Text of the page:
Sky Islands Traverse: Day 3: leanin’ into wind

March 21st 2023

19 Miles

Campsite Elevation 4,145 ft

5:18am. I wake before my alarm once again, it’s like I don’t even need one. I try to go back to sleep but then hear rustling noises from my neighbor. She is up. Alright, well we said we were going to start at 6:00am today so I better get up too. I go out to pee and as I squat there in the dark I observe the sky. There are some stars out but it’s like there is a thin veil obscuring their brilliance. I can tell there are thicker clouds elsewhere too. The wind has died down but is not absent.

I have a slight headache. I think it’s from sleeping on my neck wierd, but I also wonder if I am borderline dehydrated. We don’t have much water. I did not drink tea last night again, this time due to conserving water rather than fuel. We have 2.5 miles from here to our next water source, a windmill tank which we sure hope is reliable. If not, we are in trouble.

Today the terrain is going to be out in the open flat, it may be windy, it may rain. We will, however be reaching our re-supply location at mile 10 if all goes to plan, so there’s that to look forward to. Although I have way too much food still. Definitely over packed for this first segment. Good thing we can leave extra stuff behind in the buckets. We each have a full gallon of water there too so I envision some sort of hobo shower happening. Last night we were both saying when we went to bed how sticky we feel and that there are little bits of sharp things stuck in our skin all over our bodies; hands, legs, underwear etc. Fun.

When we start walking it is 6:07am and the sunrise light on the clouds is really starting to pop. Rockin’ was asking me about my morning timing when I am alone versus when with a group or other trail friends and I tell her that it’s my nature to sleep later and start later but that I have adapted so much. It’s not natural for me to wake up in the dark, but what I will say is that I love the early morning and getting to witness sunrise every day certainly makes it worth it. This morning’s sunrise is no exception.

no exception
Worth waking up in the dark for
the road to the unknown

We are on dirt tracks the whole way to the windmill tank. It is windy and there is a lot of cloud cover. We see lenticular clouds building over the mountains and they are being blown to the South. My pack feels so nice and light and I mention to Rockin’ how heavy our packs are going to be by this afternoon after we re-supply with 5+ days of food. She waves me off, she does not want to think about that now.

When we reach the windmill tank we are pleasantly surprised at the quality and amount of water, it is a fantastic water source afterall, phew! We drop our packs and plan to stay a bit as we need to eat second breakfast and filter water, look at maps and all that jazz. We also spend time staring off at the clouds and pondering the windmill, as it does not move. Except for once, it creaks loudly, suddenly turning positions. We both jump at the disruptive loud noise, that thing seems like it could just topple over. Glad we did not camp here.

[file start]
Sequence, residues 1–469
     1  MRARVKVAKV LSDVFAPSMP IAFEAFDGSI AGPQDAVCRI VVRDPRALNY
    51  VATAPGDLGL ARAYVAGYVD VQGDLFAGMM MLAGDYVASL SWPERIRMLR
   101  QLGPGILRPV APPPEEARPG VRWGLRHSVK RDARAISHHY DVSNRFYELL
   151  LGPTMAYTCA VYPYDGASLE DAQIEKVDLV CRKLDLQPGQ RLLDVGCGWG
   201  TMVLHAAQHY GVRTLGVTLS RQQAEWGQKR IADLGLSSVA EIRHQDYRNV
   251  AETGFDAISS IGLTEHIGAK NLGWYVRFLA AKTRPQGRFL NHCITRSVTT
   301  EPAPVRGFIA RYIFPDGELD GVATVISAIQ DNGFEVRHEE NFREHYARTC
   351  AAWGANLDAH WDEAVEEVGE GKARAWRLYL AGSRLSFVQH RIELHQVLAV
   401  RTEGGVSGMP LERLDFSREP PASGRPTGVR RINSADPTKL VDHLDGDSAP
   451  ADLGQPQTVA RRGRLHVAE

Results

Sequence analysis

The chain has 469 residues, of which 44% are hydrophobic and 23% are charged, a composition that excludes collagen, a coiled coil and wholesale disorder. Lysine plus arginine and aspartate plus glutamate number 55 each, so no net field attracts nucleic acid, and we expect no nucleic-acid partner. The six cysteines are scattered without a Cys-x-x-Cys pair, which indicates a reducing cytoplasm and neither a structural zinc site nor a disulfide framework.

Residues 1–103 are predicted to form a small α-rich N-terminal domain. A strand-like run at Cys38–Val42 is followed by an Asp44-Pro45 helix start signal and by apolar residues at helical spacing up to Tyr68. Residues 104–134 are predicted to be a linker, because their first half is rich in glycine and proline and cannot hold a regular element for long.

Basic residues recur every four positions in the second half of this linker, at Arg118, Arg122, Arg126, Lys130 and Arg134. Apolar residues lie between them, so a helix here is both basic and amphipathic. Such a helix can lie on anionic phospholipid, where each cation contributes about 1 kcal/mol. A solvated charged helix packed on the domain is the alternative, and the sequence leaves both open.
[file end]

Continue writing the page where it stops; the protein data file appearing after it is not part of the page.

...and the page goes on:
Rockin’ taking photos of the wonderful water
Mouthfull of 2nd breakfast
What is that Windmill going to do?

We leave through a fenceline that has a gate. It is a really bad gate. One of those gates that even if you could get it open you would never be able to get is closed. Rockin’ is yelling “bad gate” to the gate and I am about to pee my pants laughing. We decide this gate was built by tall men. We shimmy under the fenceline, taking care not to rip anything on the barbed wire. We are constantly having to be aware of not getting ripped up by the cat claw and various other desert snaggy plants, and now with all these fences and gates we also have to watch for the barbed wire. Everything wants to rip our skin, it seems.

A very bad gate

We continue down a wash now for a spell, admiring the curvature of the walls that have clearly seen a lot of interesting patterns of water flow. It reminds me of hiking in Utah in the Uper Muley Twist area in Capitol Reef.

imagine the water that came through here

We are walking in a lot of deep sand and soon arrive at a culvert that takes us under a paved road. In the deep sand we push and trudge on and the wind is something fierce, and it’s cold. We walk bundled up and I find a party balloon stuck in some Cat Claw. This seems to be a thing in the desert. I’ve found many party balloons in the desert. I like to claim them as good luck and pack them out.

a perfect sentiment

Around 10:30am we stop again. I am wanting a hot cuppa coffee and another snack. As was the case yesterday, I seem to be hungry. We stop under a dried out leafless, lifeless tree but it offers just a slight bit of protection from the wind. I use my backpack to further block the wind which allows me to boil water to make a hot beverage. I make something different, a new invention, which is a Hazelnut Teaccino Tea and then I add a spoon of coffee and coconut sugar and holy shit Batman! This is something I will definitely repeat. We both eat an inordinate amount of chips and finally we motivate to get walking again.